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on 19 March 2017
Exquisite images, inspiring text, and encouragements all along the way!
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on 24 March 2010
I'm fairly new to more serious photography and ordered a few photography books including this one at the same time from Amazon. Of the three I ordered I would put this at the bottom of the list. It's ok, there are some great pictures and some entertaining stories, but there is little technical information on each individual shot apart from the camera and lens used i.e. no information on aperture, shutter speed or filters used.

I also ordered Ian Camerons 'Transient Light' at the same time and found this much more interesting and useful. I think Ian Cameron tries to share his experience more through his book whereas I feel David Noton's book is just more of a showcase for his work. There is more useful information on David Notons website and you can also view most of the pictures in this book there as well, so slightly disappointed...

Just for the record, the other book I ordered at the same time was the RSPB guide to Digital Wildlife Photography. If you also have an interest in Wildlife Photography, it's worth a look.
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on 14 April 2008
This lovely book of Notons best work is perfect for any photographer needing a bit of inspiration. Beautifully detailed colour images and interesting text are combined for a perfect match of creative and technical skill. The journal entries are engaging and make this lovely edition much more than just your average photography book.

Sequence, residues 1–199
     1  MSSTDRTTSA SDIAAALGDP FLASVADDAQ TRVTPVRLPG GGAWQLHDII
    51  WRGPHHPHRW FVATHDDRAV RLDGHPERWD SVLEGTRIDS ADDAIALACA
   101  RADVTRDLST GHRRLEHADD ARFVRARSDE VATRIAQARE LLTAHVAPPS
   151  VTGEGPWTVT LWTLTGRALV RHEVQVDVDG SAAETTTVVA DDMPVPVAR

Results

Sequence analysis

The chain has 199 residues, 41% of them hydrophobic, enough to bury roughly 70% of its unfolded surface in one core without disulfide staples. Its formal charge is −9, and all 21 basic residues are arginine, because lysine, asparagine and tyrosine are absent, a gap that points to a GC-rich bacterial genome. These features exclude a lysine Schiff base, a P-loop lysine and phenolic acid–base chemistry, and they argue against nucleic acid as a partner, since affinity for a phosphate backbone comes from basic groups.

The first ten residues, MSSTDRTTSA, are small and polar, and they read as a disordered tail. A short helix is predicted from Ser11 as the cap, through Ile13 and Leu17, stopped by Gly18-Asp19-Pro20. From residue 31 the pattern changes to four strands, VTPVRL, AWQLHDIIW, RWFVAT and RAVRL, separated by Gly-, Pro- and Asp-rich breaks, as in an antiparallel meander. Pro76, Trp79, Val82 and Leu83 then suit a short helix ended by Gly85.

If you buy one photography book this year, make it Waiting For The Light.
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on 3 May 2008
David Noton is well known both for his photography and for his very accessible articles in a number of photography magazines. This book doesnt disappoint on either score: a range of fantastic photographs, each with an illuminating backstory, accompanied by longer sections that give some real insight into David's approach to photography.

Great to dip into when looking for inspiration and a good read to boot - the best photography book I've bought in quite a while.
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on 30 June 2009
Then you will enjoy this book. Noton is a well established Landscape Photographer and this book not only shows off his work it gives an insight into the thinking that created each image, the life of a proffessional photographer and more importantly, for me, some useful (i really mean useful ) tips from the trade. I recommend this book to anyone aspiring to take a landscape image whether it be for private, public or for profit, there is much in it for you.
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on 29 May 2009
A really enjoyable book on a number of different levels and fully merits the 5 stars others have given:

Images are great and the book would be a good one if there was nothing more than this: the pictures are nicely printed and of a reasonable size (not the case in many books), the glossy paper helps.

Very good insight into the thinking behind how David Noton creates his images without going into lots of technical detail. He has an easygoing accessible style and a sense of humour.

Gives you a good view of what life as a photographer might be like (involves a lot of dedication and hard work).